A young man who attends Arizona State University was left in the front of a hospital in a wheel chair with a note indicating he needed treatment for alcohol poisoning.
His friends decided to leave him there because they needed to go out to eat.
The man, 20, was left on Saturday at Tempe St. Luke's Hospital around 4 p.m. He was passed out and turning blue due to trouble breathing. He is a member of the Sigma Alpha Epsilon fraternity.
A note was written and left with him, indicating the student's identity and what was wrong with him. It said they were in a drinking competition and the man had drank a large amount of tequila.
Popular VideoThis young teenage singer was shocked when Keith Urban invited her on stage at his concert. A few moments later, he made her wildest dreams come true.
Tempe Police Dept. Spokesman Sgt. Mike Pooley said it was good the man was dropped off at the hospital, but irresponsible of his friends to leave him there.
"He was turning blue in the wheelchair and he was having difficulties breathing. The emergency room staff treat him very quickly, they're able to get him checked out and they're able to actually save his life," Pooley said.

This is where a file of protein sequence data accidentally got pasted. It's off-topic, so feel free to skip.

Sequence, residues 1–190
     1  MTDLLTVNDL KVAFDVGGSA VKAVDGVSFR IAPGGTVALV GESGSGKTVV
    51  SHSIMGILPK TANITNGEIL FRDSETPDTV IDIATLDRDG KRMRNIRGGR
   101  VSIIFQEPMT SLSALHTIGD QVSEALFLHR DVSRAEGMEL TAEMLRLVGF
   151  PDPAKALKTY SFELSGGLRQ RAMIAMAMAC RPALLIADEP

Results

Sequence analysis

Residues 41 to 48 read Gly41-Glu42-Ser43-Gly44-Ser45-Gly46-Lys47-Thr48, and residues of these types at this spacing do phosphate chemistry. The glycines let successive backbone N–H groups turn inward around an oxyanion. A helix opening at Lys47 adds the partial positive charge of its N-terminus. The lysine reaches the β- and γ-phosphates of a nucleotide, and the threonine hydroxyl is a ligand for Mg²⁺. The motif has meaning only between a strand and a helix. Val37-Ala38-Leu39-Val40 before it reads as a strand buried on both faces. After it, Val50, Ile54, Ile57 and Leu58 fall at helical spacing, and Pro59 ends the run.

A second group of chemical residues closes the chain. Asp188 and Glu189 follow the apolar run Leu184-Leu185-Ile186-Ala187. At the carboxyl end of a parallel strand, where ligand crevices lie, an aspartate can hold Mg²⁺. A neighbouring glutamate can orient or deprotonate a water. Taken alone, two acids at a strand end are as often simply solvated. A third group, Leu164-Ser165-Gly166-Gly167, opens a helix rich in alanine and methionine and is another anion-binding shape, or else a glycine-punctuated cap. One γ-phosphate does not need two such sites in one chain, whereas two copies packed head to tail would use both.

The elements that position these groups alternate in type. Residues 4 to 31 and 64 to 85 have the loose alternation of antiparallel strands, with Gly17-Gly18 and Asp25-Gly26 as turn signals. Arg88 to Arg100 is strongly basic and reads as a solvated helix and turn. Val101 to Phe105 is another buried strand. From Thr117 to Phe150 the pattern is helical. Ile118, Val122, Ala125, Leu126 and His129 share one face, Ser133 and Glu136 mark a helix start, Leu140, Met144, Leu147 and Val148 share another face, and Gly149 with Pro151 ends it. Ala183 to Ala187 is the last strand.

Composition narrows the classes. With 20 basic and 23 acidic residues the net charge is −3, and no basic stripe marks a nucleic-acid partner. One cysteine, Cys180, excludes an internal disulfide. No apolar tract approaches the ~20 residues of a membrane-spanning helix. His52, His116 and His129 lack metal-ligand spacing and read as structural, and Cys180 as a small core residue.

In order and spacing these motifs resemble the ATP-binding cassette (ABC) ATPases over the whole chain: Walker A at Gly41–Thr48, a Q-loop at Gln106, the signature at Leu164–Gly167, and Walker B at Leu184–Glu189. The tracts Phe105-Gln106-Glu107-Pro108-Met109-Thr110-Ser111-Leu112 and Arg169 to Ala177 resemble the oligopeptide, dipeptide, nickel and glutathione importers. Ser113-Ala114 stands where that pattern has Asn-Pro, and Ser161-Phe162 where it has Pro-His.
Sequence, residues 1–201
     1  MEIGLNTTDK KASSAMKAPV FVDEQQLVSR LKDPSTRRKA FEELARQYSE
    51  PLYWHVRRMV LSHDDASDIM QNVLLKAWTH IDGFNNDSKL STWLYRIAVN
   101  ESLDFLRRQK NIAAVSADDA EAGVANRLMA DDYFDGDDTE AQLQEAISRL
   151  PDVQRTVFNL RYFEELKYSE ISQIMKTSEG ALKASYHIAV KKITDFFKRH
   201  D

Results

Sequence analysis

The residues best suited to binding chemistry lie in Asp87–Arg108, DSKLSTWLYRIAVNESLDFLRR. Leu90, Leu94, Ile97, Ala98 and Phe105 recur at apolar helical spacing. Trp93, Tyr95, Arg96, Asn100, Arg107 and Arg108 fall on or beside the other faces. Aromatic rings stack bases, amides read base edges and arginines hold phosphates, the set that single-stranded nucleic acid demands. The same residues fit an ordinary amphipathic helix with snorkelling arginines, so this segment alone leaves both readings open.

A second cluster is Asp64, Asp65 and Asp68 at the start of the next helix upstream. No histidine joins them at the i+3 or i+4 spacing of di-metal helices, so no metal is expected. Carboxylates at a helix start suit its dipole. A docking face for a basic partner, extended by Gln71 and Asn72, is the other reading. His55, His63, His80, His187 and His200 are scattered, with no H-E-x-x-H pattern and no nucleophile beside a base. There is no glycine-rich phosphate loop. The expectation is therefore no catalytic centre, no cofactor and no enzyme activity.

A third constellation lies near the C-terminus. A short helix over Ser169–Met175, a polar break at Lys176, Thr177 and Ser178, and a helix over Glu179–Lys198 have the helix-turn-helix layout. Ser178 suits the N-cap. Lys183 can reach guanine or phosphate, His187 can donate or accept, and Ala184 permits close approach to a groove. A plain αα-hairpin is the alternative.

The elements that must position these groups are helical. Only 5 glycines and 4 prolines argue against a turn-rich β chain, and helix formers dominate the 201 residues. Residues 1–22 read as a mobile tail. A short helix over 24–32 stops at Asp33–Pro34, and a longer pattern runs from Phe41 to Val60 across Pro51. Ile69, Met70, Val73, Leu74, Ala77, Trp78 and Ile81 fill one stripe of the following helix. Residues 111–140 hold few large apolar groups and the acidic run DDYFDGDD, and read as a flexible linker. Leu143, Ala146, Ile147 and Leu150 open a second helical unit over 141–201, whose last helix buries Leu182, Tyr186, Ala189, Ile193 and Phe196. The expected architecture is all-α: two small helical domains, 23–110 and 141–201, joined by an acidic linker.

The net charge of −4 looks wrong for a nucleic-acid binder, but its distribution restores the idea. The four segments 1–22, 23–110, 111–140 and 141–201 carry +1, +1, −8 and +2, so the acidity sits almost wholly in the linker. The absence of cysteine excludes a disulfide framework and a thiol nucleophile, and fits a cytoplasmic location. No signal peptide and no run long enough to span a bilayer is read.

He was on the verge of death, as his blood alcohol content was 0.47 percent, five times the legal limit for driving.
He also had begun choking on his own vomit, an occurrence which often kills those who are highly intoxicated.
Popular VideoThis young teenage singer was shocked when Keith Urban invited her on stage at his concert. A few moments later, he made her wildest dreams come true:
Pooley said it was wrong for his friends to prioritize food over their friend's safety.
"One of the individuals said he had to go out to eat instead of staying there with his buddy…It's just complete irresponsibility and not wanting to [experience] consequences for your actions," he said.
The sergeant admits it could have been worse.
"The amount of alcohol he consumed in that short amount of time, it put his life in danger. He's lucky that there were at least a few individuals that were there that cared enough to bring him to get medical attention," he said.